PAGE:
This page has been archived and is no longer updated. Find out more about page archiving.
Search BBC
BBC World Service
BBC BBC News BBC Sport BBC Weather BBC World Service Worldservice languages
 
spacer gif
You are in: Home page > News English > Words in the News
Learning English
spacer gif
  Words in the News
INTRO 
  The record company EMI is planning a new service which will allow people to copy music from the Internet without breaking the law. BBC Business correspondent Mark Gregory reports:
IN FULL 
  Audio Listen to the report in full
Compact Disc

6th June 2001

Copying music from the Internet

NEWS 1 
  Audio Listen to the first part of the report
   

EMI's artists include the Spice Girls, the Beatles and pop stars Robbie Williams and Janet Jackson. Like the rest of the industry, it's struggling to cope with technological change that makes it much easier for people to copy music without paying for it. Music can be stored in a personal computer, it can be passed anywhere in the world via the internet, millions of people own the equipment needed to record or burn their own unauthorised compact discs. Unofficial online music services like that provided by the American group Napaster have proved wildly popular.

    Audio Listen to the words
WORDS 
 

the industry: the music industry, including record companies and recording artists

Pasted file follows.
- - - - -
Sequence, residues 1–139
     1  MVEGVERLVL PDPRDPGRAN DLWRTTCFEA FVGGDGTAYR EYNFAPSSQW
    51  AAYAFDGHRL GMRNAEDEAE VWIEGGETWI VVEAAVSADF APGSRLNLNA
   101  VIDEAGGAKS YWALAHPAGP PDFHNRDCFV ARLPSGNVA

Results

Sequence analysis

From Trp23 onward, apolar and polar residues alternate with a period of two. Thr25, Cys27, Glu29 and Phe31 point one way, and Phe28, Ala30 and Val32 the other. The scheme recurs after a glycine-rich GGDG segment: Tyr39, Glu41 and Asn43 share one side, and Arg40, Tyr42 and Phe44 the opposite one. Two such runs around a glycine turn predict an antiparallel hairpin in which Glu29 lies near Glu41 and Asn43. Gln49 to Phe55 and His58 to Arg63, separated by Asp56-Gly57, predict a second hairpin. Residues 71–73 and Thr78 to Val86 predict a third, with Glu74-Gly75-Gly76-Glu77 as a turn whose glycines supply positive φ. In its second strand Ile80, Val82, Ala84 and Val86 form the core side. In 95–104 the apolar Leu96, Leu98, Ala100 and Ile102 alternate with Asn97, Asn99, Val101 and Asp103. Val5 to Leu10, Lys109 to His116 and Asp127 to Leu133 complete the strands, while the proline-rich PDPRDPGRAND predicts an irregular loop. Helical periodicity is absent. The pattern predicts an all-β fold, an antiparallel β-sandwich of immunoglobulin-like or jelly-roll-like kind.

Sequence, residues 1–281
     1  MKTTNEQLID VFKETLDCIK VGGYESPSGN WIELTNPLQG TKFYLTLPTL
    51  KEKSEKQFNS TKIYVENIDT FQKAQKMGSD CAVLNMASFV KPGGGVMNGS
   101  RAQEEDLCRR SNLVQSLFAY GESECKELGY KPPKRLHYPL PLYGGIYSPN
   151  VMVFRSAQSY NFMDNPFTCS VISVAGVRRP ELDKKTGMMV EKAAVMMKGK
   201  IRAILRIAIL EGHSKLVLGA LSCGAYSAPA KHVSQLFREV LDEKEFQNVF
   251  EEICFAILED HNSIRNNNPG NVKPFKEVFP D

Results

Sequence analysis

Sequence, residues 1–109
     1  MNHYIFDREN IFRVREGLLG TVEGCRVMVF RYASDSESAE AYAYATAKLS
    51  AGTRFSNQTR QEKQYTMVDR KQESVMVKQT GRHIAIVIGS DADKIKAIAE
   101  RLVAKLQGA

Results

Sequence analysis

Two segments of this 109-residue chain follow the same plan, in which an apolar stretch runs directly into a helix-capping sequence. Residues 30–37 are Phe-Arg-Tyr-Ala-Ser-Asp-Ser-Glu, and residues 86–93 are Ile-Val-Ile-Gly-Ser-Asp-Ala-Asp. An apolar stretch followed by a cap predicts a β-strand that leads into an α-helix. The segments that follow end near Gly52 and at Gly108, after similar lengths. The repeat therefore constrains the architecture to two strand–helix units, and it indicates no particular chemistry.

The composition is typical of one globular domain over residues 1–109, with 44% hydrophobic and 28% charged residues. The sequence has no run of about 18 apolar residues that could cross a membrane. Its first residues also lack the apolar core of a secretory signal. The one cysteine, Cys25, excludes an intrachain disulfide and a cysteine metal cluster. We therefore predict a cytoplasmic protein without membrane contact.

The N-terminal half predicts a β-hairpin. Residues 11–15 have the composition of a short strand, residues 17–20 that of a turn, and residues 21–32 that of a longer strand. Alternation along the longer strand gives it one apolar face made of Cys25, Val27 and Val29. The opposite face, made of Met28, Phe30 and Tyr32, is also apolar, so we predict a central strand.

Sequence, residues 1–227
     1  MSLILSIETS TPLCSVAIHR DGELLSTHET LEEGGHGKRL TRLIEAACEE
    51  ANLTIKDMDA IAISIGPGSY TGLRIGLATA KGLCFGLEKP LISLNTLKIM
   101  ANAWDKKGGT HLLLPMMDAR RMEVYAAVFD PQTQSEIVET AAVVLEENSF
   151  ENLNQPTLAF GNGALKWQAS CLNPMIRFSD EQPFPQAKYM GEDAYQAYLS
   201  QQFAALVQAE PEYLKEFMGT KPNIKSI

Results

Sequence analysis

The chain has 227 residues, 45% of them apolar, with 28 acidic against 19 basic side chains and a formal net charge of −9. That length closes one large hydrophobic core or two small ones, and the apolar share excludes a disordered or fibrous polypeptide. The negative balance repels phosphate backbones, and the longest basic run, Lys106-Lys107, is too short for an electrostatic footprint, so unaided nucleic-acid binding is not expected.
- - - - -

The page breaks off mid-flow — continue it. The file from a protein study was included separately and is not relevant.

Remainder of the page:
to burn a CD: the common term for recording content on to a compact disc

unauthorised compact discs: CDs which are made without the permission of the record company and recording artist

wildly: very

NEWS 2    Audio Listen to the second part of the report
    To tackle the issue, EMI has teamed up with a computer software company to develop the first ever service that allows music lovers to legitmately make their own CDs on their own CD recording equipment of songs on which EMI holds the copyright. The music will be downloaded from the internet in encrypted form. The difficult bit comes in designing software that gives the copyright holder power over what use is made of the music once its in the customer's computer. It may, for example, be possible to require additional payments everytime a new CD is burned. EMI says it'll talk about pricing when the service is ready to launch. In theory it could do away with the need for dedicated music shops, but industry analysts say many people like to go to places where they can listen to music they haven't heard before. But, of course, that too can be done over the internet.
    Audio Listen to the words
WORDS   

to tackle the issue: to try to find an answer to a problem

teamed up with: worked together with

holds the copyright: owns the rights to a piece of music so that people have to ask for your permission to copy or use it

downloaded: copied files onto your computer

encrypted form: coded so that it can't be used without permission

do away with: remove

    Read about the background in BBC News Online

BBC copyright
 
Learning English | News English | Business English | Watch and Listen
 
Grammar and Vocabulary | Communicate | Quizzes | For teachers
 
Downloads | FAQ | Contact us